Trump Doubles Down on Pyongyang Warning

Trump Doubles Down on Pyongyang Warning
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President Trump rejected criticism that his threat of “fire and fury” against North Korea this week baited an enemy closer to war, describing his statements as “maybe not tough enough.”

Speaking to reporters outside his New Jersey golf club Thursday, and again after concluding a national security briefing, the president said the United States was willing to “consider negotiations” with North Korea, but was fed up with Pyongyang’s behavior and ready to defend the United States and its allies in the Korean Peninsula.

“The people of our country are safe. Our allies are safe. And I will tell you this: North Korea better get their act together, or they're going to be in trouble like few nations ever have been in trouble in this world, OK?” the president said in a continuing volley of boasts and colloquial shorthand.

Trump declined to be more specific about any potential use of force or reliance on alternatives to military action, but said he continued to believe China could intervene with Pyongyang. “I think China can do a lot more,” he said.

Trump assailed Presidents Bill Clinton, George W. Bush and Barack Obama for spending the better part of nearly three decades in hands-on and hands-off efforts to try to halt or slow Pyongyang’s nuclear ambitions. His administration’s approach, he said, was to confront the results: North Korea has reportedly produced a miniaturized nuclear warhead that could fit atop a missile, and it has threatened the United States and its neighbors with destruction while conducting missile tests.

If North Korea attacks Guam, as its military threatened on Wednesday to consider doing this month, the United States will retaliate, Trump said. “That is a statement of fact,” he added.

“Let’s see what he does with Guam,” the president continued, referring to 33-year-old dictator Kim Jong Un. “He does something in Guam, it will be an event the likes of which nobody’s seen before, [is] what will happen in North Korea.” 

Experts have underscored the president’s dilemma in vowing to protect the U.S. territory in the Western Pacific, which is home to 163,000 people: Would the United States pre-emptively strike North Korea to deter an attack? If the United States waits to deploy anti-missile defenses to destroy North Korean missiles, how will the Pentagon know whether nuclear warheads are deployed, and what are the odds of miscalculations? And what kind of collateral damage would the United States or its allies sustain in any such scenario?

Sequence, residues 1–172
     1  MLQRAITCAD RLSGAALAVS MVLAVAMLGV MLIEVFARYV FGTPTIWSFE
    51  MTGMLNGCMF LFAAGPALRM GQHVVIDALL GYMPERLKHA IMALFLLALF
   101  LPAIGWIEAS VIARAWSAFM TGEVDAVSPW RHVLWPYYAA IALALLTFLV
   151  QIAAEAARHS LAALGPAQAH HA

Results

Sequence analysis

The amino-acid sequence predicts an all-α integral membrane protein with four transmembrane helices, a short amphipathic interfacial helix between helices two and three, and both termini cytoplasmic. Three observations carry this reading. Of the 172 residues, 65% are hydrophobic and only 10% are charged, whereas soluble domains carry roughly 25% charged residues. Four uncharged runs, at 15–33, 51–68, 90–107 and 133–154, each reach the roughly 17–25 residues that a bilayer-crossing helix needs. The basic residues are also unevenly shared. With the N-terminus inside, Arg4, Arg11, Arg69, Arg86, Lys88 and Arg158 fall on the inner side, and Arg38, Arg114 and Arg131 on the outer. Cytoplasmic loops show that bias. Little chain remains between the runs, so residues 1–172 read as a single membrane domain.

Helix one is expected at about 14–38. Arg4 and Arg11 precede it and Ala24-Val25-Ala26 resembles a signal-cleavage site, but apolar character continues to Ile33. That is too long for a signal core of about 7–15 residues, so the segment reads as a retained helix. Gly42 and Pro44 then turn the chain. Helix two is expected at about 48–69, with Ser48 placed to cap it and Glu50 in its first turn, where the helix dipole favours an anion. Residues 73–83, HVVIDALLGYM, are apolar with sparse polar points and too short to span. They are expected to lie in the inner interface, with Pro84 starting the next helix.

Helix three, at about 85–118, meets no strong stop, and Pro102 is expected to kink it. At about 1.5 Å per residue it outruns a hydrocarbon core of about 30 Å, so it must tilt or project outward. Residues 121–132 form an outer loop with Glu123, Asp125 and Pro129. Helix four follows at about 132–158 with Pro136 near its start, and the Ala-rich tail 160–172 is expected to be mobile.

The president hailed United Nations-backed economic sanctions against North Korea approved Aug. 6. The punishing rebuke from the world community included support from North Korea’s valued trading partners, China and Russia. Trump’s rhetoric Thursday was aimed at China in addition to Pyongyang, and the president repeated his entreaty to Beijing to crack down on its neighbor in exchange for favorable trade terms from the United States. 

“I don’t like to signal what I’m going to be doing,” Trump said after meeting with National Security Adviser H.R. McMaster, Vice President Pence and White House Chief of Staff John Kelly. “We are preparing for many different alternative events.”

Trump sought to present a resolute front to the world, but his statements opened doors to new questions. He praised the U.N. sanctions, but said he was skeptical they would change North Korea’s behavior. He said China was likely to act to pressure the regime, but offered no evidence that Beijing was motivated to intervene.

This week’s tough messaging from Trump about “fire and fury” was in large measure directed at China, said Gordon Chang, author of the book “Nuclear Showdown: North Korea Takes On the World,” published in 2006 when Kim’s father, Kim Jong Ill, ruled the Democratic People’s Republic of Korea.

The president repeatedly says he will not permit a nuclear North Korea to threaten the United States, and he wants China to see the hazards and end its “foot dragging,” Chang told RealClearPolitics.

“Every option going forward is dangerous,” the author and columnist added. “The American people are in peril, and there are no real good solutions going forward.”

The president dismissed complaints that he, Defense Secretary James Mattis and Secretary of State Rex Tillerson failed to harmonize U.S. messaging this week. But in the next sentence, he conceded, “to be honest, General Mattis may have taken it a step beyond what I said.”

On Thursday en route to Seattle, Mattis tried again to summarize the U.S. posture. “Of course there's a military option,” he told reporters. “We want to use diplomacy. That's where we've been, that's where we are right now and that's where we hope to remain. But at the same time, our defenses are robust.”

The president announced he had changed his mind about asking Congress to cut spending for missile defenses as part of the Pentagon’s fiscal 2018 budget submission.

“We’re going to be increasing our budget by many billions of dollars because of North Korea and other reasons,” he said, noting the details would emerge “over the next week,” while lawmakers are out of Washington for the August break.

Trump also addressed the contrast between the U.S. goal of denuclearizing the Korean Peninsula while at the same time threatening North Korea with nuclear annihilation of the regime.

“I’d like to de-nuke the world,” the president told reporters. “I would like Russia, the United States and China and Pakistan and many other countries that have nuclear weapons to get rid of them. But until such time that they do, we will be the most powerful nuclear nation on earth, by far.”

Alexis Simendinger covers the White House for RealClearPolitics. She can be reached at  Follow her on Twitter @ASimendinger.

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